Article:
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History Scroll

The History Of England

by Peter Williams Ph.D


Chapter Four: The Christian Tradition


The coming of Christianity overshadows the political achievements of the age. In most of lowland Britain, Latin had become the language of administration and education, especially since Celtic writing was virtually unknown. Latin was also the language of the Church in Rome. The old Celtic gods gave way to the new ones such as Mithras, introduced by the Roman mercenaries; these in turn were replaced when missionaries from Gaul introduced Christianity to the islands.


By 3l4, an organized Christian Church seems to have been established in most of Britain, for in that year British bishops were summoned to the Council of Arles. By the end of the fourth century, a diocesan structure had been set up, many districts having come under the pastoral care of a bishop. In the meantime, however, missionaries of the Gospel had been active in the south and east of the land that later became known as Scotland (it was not until the late tenth Century that the name Scotia ceased to be applied to Ireland and become transferred to southwestern Scotland). The first of these was Ninian who probably built his first church (Candida Casa: White House) at Whithorn in Galloway, ministering from there as a traveling bishop and being buried there after his death in 397 A.D. For many centuries his tomb remained a place of pilgrimage, including visits from kings and queens of Scotland.


It was during the time of the Saxon invasions, in that relatively unscathed western peninsular that later took the name Wales, that the first monasteries were established (the words Wales and Welsh were used by the Germanic invaders to refer to Romanized Britons). They spread rapidly to Ireland from where missionaries returned to those parts of Britain that were not under the Roman Bishops' jurisdiction, mainly the Northwest (in present day Scotland).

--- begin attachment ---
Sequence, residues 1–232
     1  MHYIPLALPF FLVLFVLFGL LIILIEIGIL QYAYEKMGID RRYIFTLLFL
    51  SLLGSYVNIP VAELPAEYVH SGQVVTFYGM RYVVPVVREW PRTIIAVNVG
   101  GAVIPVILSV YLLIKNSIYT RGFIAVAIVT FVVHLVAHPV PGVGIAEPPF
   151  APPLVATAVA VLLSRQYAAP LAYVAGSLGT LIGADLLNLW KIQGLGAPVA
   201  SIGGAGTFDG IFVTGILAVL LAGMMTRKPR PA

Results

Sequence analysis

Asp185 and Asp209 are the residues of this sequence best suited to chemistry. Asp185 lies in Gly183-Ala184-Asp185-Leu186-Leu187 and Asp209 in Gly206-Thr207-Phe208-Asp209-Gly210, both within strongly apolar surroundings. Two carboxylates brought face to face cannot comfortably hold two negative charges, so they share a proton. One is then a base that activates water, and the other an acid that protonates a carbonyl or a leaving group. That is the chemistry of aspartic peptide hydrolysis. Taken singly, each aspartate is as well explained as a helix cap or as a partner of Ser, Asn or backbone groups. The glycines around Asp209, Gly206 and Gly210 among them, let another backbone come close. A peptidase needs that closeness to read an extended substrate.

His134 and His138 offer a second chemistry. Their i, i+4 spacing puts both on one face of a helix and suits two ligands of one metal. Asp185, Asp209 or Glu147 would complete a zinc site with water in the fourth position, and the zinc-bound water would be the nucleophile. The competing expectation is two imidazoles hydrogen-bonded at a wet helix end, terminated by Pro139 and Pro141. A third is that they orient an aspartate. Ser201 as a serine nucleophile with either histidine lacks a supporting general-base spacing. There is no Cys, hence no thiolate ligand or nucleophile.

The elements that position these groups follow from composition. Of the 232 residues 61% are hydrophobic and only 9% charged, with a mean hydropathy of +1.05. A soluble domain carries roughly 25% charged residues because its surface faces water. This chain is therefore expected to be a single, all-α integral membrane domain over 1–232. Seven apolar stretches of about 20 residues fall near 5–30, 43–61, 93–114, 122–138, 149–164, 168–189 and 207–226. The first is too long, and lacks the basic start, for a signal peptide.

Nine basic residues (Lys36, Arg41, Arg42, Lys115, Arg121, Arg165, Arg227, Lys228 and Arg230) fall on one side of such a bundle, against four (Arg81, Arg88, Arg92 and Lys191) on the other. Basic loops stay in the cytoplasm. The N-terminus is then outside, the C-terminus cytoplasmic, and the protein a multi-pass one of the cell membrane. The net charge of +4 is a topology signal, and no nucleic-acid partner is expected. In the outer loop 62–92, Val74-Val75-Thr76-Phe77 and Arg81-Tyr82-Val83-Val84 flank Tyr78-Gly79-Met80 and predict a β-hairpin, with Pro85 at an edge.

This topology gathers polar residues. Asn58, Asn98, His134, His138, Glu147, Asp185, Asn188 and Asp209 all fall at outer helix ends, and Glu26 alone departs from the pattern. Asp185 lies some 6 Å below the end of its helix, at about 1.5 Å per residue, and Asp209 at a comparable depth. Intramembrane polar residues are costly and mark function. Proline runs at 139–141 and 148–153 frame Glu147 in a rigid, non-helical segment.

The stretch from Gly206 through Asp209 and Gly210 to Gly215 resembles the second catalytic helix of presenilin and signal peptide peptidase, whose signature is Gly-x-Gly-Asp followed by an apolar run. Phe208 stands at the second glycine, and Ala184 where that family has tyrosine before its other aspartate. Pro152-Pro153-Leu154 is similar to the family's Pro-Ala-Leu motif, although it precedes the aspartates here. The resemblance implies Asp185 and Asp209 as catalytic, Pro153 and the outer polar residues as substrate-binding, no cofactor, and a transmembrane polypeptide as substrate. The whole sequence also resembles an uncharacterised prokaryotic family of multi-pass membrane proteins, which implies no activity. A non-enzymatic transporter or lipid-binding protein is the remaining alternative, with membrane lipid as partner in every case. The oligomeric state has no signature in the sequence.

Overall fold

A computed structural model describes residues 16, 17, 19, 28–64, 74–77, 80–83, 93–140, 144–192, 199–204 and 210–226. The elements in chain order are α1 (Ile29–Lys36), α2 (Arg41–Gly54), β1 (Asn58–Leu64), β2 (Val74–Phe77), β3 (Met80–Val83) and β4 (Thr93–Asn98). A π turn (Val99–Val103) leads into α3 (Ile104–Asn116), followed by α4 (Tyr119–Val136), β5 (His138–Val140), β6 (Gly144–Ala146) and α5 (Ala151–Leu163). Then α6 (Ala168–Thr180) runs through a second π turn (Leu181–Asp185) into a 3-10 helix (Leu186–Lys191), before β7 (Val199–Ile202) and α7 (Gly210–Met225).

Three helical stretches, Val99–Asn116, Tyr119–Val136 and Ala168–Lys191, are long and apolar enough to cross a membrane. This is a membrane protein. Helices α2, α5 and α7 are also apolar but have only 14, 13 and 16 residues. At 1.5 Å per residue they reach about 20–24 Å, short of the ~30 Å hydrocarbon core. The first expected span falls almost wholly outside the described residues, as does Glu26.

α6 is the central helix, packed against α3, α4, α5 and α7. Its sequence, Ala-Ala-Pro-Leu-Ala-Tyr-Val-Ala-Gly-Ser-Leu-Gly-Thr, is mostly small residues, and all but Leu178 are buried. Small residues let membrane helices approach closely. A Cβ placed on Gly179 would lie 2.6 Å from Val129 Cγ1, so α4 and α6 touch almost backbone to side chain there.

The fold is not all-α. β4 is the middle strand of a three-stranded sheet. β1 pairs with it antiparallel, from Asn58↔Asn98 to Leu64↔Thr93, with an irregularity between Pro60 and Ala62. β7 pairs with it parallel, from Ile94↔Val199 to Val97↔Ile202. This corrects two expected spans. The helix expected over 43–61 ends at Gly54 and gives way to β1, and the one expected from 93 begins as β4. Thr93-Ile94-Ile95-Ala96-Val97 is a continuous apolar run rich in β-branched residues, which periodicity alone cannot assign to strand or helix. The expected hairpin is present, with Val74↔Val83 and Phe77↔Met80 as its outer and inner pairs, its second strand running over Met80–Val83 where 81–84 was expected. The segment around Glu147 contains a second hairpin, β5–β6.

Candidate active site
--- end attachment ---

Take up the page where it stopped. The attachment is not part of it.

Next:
The island of Iona is just off the western coast of Argyll. It is been called the "Isle of Dreams" or "Isle of Druids." Columba (Columcille "Dove of the Church") with his small band of Irish monks landed here in 563 A.D. to spread the faith. The missionary saint inaugurated Aidan as king of the new territory of Dalriata (previously settled by men from Columba's own Ulster, in northern Ireland).
Iona was quickly to become the ecclesiastical head of the Celtic Church in the whole of Britain as well as a major political center. The honor later went to Lindisfarne, for after the monastic settlement at Iona gave sanctuary to the exiled Oswald early in the seventh century, the king invited the monks to come to his restored kingdom of Northumbria. It was thus that Aidan, with his twelve disciples, came to Lindisfarne, destined with Iona to become one of the great cultural centers of the early Christian world.